MV: You are currently working with the College Area Neighborhood Association, how have they responded?
DW: CANA has been great to work with. They were very interested from Day One and made me feel a part of the group and have been very supportive. Modesto City Councilperson Tony Madrigal has been a guiding force. One of the City Council members asked me to help him and never followed through. I contacted Tony one time and he scheduled a meeting. After 20 minutes of meeting he had me in his car driving around Modesto to educate himself on possible locations, the sport, and the areas it may benefit most. He even called another Council member on speaker phone on that drive and had another Council member (Kristi Ah You) meet with me while they were at work (short 15 min. meeting)

MV: What do you hope happens in our community parks if this is a success?
DW: I hope more kids will be offered an opportunity to participate in a sport that has never been in our community. I hope it will do all of the things I’ve said above from giving kids another opportunity, to reducing crime and increasing property values, to leadership and confidence through confidence…simply put I hope it makes our community and parks a much better place and most important more fun…ultimately that’s what it’s all about FUN.

MV: What excites you still about the arts and music scene here in Modesto?
DW: There’s something for everyone, and there’s passion for it. It’s fun for everyone from kids to adults, creative, and motivating. I love the people just as much or more as the arts and music.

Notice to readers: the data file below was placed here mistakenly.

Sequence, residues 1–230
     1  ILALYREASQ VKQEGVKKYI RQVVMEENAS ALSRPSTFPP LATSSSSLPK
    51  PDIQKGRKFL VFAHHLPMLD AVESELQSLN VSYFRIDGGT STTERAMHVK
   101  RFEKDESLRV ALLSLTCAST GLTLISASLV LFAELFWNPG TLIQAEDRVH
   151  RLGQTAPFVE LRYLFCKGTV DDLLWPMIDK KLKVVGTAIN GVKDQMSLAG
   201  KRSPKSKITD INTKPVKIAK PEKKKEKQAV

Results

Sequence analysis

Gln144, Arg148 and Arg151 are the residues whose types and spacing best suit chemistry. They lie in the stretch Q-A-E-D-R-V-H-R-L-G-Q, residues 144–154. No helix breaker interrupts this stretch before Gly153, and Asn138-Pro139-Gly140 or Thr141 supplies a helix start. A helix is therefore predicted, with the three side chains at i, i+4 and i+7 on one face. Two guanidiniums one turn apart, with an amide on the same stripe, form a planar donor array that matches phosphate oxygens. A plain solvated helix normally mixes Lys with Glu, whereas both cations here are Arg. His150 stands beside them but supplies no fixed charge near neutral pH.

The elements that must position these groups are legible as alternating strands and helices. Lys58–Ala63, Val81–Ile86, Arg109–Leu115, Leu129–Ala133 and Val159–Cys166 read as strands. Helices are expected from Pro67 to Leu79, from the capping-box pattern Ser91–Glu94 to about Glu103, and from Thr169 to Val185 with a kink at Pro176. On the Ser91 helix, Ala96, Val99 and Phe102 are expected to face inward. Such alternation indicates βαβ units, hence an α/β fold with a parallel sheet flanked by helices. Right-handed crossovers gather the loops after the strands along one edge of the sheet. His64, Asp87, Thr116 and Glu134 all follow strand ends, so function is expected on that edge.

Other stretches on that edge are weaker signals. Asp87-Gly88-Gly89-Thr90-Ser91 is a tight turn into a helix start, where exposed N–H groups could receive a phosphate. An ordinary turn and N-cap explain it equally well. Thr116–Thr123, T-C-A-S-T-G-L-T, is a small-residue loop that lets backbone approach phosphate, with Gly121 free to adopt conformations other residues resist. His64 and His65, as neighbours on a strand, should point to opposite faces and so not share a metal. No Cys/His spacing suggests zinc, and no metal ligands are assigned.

MV: Describe your ideal day in Modesto.
DW: This is a tough one. I haven’t really thought about this; great question, give me some time to think.

MV: What is something about you that people may not know?
DW: I was the Head Coach of the Men’s Soccer Team at MJC for 12 years. Soccer has been, is, and will always be my career and since I have adult epilepsy, I don’t drive, but still coach youth soccer in Dublin. That’s how much I love my career. I’ve taken three of my teams to Europe to play.

MV: OK, our traditional question, Beatles or Stones?
DW: Stones…Mick is the man.



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About the Author:

Chris Murphy is the President and CEO of Sierra Pacific Warehouse Group and Publisher and Founder of ModestoView Inc. Chris worked globally in the cycling industry returning to Modesto in 1996. He is also the founder of the Modesto Historic Graffiti Cruise Route, Legends of the Cruise Walk of Fame, Modesto Rockin’ Holiday, the Modesto Music History Organization and co-founder of the Modesto Area Music Association. Chris is married to his artist wife Rebecca since 1985 and has two daughters Madison and Abigail, both graduating from Modesto High and UC Berkeley. He is lead singer and guitarist for his band, Third Party that donates their performances to non-profits.